No one remembered when she arrived in town. They could remember when she was not there and when she was there, but not when she came.
To say she was disheveled was giving her a piece. Her green mutton sleeved dress was threadbare with several open seams. The once bright red paisley shawl stained with random spots set off her face along with her bird's nest black matted hair. She could have been a fright, but most folks just looked upon her with a tisk tisk on their lips.
Then there was the stone. In a black velvet bag, she kept a smooth round granite river coble which she produced when it was time to tell someone's future. Extracting the stone from its pocket, she would balance it in her left hand while she pushing the bag around forming it into a kind of nest. After gently placing the rock among the folds she would put both hands on it and closed her eyes.
Having no place of her own, she walked a circuit of the town during the day. At night she took her place at a tiny table in the far corner of the Peachtree Saloon. When she grew tired she would roll her eyes, hang her head and fall asleep. The saloon staff had orders from Savanna Sal to leave her alone and just button up the shop around her. In the morning she wondered a few streets away from the town center where the banker's wife Lilian Teasdale lived. Lilian liked to sit on her porch and have tea with biscuits. Once she invited our dirty friend up on the porch and since then there was a cup of tea and a pastry waiting for her every morning. Even if Mrs. Teasdale was away the housekeeper made sure the breakfast was provided.
She found a soft spot at the livery for a few more hours sleep then visited saloons and stores up and down the main street offering fortunes for drinks and gratuities. By the evening she enthroned herself back at the Peachtree where for a few cents she would read her rock for you.
The townsfolk looked askance at a fortuneteller in their midst until Mrs. Teasdale started getting her own future read which made it chic among the other ladies of note. Once the best people of the town approved, it became fine for anyone to spend a few minutes with the Seeress. Ladies asked about love and men. Men asked about money, unless it was a young man who also wanted to know about love.
One night at the Peachtree, Muley Sam was panhandling the patrons trying to gather enough money for a small grub stake so he could make another foray into the hills looking for the gold vein that would make him rich. Finding himself at the Seeress' table he sat down.
"Madam," it was cute of him to be so formal. "I don't got enough to pay you, but when I strike it rich I'll pay you ten times over. Please point me in the right direction."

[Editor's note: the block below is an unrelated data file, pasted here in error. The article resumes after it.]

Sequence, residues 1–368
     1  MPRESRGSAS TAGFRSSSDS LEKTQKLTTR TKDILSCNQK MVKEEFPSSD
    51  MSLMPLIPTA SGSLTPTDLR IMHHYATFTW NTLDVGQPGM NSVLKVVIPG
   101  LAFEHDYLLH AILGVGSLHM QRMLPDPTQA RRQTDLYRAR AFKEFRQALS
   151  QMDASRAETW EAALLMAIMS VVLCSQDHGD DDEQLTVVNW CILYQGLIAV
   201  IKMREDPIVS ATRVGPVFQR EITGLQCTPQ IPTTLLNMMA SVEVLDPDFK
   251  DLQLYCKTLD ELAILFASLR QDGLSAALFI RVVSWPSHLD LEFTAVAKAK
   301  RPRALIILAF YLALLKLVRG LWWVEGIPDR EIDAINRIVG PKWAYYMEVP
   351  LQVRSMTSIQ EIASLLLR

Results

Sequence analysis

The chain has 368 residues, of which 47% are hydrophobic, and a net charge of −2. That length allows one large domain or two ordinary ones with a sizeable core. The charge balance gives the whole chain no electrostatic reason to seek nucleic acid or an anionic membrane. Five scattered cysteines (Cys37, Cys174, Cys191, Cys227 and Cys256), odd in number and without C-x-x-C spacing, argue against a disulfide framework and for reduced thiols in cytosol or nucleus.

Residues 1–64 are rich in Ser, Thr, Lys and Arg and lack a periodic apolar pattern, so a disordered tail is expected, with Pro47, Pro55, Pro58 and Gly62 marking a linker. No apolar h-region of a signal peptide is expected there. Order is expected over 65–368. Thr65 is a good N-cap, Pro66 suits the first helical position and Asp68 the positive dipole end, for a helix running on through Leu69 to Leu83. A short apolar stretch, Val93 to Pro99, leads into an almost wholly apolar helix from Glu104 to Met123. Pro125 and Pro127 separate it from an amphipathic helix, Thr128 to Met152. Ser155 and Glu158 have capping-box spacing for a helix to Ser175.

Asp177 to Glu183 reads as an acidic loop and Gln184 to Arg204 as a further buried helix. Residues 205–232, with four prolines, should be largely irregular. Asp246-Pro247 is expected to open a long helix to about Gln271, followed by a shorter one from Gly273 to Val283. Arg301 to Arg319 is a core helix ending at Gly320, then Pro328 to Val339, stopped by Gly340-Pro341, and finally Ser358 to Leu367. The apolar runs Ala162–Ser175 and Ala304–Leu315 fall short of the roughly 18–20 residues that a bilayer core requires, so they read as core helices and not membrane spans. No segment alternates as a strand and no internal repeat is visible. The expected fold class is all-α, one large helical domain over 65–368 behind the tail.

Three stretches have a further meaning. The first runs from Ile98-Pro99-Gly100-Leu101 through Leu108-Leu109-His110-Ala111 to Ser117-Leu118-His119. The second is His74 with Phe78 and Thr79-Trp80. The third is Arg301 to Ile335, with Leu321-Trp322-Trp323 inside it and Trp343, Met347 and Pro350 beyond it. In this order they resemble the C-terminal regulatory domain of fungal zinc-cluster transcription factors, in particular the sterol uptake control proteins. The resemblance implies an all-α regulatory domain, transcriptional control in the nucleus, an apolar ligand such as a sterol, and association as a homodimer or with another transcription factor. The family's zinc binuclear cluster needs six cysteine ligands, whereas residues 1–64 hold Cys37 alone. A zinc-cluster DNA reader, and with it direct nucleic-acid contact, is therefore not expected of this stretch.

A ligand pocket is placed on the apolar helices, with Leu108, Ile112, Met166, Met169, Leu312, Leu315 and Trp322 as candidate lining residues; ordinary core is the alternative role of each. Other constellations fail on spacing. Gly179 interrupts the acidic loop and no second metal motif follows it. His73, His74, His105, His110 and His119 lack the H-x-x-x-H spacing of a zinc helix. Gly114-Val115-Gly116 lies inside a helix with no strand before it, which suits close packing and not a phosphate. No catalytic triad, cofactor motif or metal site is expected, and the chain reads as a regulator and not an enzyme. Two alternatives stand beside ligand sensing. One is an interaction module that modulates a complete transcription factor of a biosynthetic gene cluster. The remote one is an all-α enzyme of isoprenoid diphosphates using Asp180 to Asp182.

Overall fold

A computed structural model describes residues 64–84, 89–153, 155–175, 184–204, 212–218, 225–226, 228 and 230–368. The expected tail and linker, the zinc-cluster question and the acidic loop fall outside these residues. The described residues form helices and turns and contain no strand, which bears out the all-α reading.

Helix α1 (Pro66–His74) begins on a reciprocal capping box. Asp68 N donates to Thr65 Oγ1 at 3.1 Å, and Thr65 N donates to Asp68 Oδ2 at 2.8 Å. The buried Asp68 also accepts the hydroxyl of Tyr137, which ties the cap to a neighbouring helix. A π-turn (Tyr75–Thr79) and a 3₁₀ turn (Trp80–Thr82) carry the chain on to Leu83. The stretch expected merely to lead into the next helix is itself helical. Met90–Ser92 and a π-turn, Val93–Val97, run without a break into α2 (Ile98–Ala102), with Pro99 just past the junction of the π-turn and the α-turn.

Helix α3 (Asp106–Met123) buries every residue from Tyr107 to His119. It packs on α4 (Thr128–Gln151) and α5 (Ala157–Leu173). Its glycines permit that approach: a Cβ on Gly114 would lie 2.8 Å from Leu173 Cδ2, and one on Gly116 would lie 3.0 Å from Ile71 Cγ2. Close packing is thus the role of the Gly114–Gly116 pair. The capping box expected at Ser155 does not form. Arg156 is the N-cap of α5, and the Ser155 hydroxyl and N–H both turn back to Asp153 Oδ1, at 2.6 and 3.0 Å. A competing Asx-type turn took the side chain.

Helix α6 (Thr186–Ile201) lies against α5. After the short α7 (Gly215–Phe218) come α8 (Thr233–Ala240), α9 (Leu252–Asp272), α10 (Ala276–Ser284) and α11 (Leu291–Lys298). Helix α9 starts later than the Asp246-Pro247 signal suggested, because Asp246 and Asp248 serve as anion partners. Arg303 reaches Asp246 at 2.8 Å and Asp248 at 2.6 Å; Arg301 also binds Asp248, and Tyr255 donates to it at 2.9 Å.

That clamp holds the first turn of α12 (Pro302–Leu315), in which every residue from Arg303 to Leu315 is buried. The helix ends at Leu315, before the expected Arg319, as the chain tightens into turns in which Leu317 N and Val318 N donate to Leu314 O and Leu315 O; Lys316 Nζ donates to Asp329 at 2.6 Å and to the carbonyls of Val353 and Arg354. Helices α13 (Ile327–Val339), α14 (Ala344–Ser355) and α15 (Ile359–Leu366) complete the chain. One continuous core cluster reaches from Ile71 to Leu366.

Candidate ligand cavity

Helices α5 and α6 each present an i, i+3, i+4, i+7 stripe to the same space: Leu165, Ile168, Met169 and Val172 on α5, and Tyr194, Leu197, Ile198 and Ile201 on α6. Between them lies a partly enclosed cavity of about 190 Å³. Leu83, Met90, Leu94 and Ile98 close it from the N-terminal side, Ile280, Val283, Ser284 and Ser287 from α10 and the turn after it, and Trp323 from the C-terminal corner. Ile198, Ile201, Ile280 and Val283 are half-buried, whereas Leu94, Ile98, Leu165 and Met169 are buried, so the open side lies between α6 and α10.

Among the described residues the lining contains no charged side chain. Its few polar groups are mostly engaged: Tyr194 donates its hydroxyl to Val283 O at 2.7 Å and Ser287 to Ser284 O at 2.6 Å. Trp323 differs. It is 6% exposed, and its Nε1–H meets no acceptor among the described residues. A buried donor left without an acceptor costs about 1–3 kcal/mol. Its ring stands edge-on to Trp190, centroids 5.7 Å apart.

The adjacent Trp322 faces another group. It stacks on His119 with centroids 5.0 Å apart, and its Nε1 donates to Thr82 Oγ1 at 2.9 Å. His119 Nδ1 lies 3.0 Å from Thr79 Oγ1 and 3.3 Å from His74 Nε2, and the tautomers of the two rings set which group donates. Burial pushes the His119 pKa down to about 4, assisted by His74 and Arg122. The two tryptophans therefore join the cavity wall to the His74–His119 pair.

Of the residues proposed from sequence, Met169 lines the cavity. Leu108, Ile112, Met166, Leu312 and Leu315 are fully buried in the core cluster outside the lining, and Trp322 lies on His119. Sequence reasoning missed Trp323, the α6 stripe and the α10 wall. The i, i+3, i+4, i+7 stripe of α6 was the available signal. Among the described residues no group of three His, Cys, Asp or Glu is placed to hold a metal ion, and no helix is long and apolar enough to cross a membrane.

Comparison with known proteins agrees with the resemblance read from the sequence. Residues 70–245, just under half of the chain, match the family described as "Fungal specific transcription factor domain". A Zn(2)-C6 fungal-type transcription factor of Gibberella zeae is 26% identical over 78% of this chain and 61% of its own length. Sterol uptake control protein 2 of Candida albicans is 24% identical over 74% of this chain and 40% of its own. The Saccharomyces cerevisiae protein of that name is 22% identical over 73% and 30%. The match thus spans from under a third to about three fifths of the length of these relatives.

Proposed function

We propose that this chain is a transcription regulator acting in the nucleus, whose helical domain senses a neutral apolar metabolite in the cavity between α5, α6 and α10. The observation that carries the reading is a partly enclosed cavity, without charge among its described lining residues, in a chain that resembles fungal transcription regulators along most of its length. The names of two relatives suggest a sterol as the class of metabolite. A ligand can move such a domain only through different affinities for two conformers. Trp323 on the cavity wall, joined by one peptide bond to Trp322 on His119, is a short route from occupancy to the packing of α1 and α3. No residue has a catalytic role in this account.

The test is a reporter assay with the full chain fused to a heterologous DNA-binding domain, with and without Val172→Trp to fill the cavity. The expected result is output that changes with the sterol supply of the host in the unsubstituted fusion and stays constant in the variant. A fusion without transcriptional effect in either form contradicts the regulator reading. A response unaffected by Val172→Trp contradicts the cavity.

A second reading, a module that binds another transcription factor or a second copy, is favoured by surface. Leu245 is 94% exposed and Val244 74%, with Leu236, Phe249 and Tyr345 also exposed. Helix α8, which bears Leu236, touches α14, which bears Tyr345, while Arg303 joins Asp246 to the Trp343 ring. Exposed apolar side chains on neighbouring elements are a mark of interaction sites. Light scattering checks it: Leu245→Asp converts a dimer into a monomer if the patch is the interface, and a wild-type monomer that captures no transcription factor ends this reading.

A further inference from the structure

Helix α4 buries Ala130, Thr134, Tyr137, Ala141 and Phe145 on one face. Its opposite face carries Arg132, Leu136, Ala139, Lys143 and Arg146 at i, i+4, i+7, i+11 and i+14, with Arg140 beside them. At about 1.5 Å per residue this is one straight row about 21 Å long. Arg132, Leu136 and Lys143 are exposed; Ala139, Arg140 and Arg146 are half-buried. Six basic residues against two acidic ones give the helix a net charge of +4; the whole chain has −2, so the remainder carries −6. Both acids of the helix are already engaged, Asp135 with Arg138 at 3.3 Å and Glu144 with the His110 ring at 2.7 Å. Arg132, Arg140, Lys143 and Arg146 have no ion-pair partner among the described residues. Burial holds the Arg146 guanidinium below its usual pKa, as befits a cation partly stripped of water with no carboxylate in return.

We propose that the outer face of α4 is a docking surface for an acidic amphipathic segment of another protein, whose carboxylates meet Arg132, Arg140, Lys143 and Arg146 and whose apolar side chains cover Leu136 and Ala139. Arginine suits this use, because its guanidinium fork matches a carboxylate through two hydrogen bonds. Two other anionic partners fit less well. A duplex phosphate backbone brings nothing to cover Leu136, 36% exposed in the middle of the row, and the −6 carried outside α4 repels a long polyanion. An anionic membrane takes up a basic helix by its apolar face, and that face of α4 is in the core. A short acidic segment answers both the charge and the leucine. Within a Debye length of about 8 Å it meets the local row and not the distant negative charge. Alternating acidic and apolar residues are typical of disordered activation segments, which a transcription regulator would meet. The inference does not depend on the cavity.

Recognizing a kindred spirit, she had Sam put his hand on top of the stone as she held it from both sides, she closed her eyes and looked deep into her mind. "Oh Sam, you have already found your gold mine, you just don't know it. Go where you have gone before, but do not look at the ground. Look up towards the sky. It is above from where your treasure will come." With that she removed her hands from the stone and leaned back in her chair. She never went back on her fortunes and never explained them.
By then a crowd had gathered around the table. Sam looked up and pled to the men, "There you see! I'm going to find it this time. She said so." Holding up his hat he continued, "Now who of you will take a chance on me? You want to be rich don't you?" With a few more contributed so Sam came away with enough for a few weeks of prospecting.
In a dark corner of the saloon skulked a trio of ne'er-do-wells. Joe Lynch, Pet Pough and Lark Morley. Collectively they had failed at most jobs one can do in town. Presently they were reduced to shoveling stalls, slopping hogs and cleaning chamber pots. In their depravity they were envious of just about anyone else, but especially the Seeress. They saw her as a fraud and could not understand why she was so well thought of even though she seemed just as downtrodden as they. Just as the poor will prey on the poor instead of the rich, these villains hatched a mean plan to humiliate the woman and make a buck in the process.
Near the end of one night a few days after Muley Sam's reading, the Seeress nodded off in the chair with the stone sitting in its nest on the table in front of her. The trio then put their plan into action. Joe stepped up to the table as the other two men stood in front of him shielding his actions. Silently, with a quick snatch he removed the stone and hid it under his hat. The three walked out of the bar without anyone paying attention. It was not until well past midnight when the Seeress awoke from her nap that the theft was discovered.
She found the key to the back door and bolted out into the street calling out that she was destroyed. There were not many out at that hour, but she made such a ruckus the sheriff, Billy Blowbag, was awakened, and even Mrs. Teasdale came out on her porch in her nightgown.
In the morning a folded piece of paper was found nailed to the saloon's front door. How it got there no one knew. It read: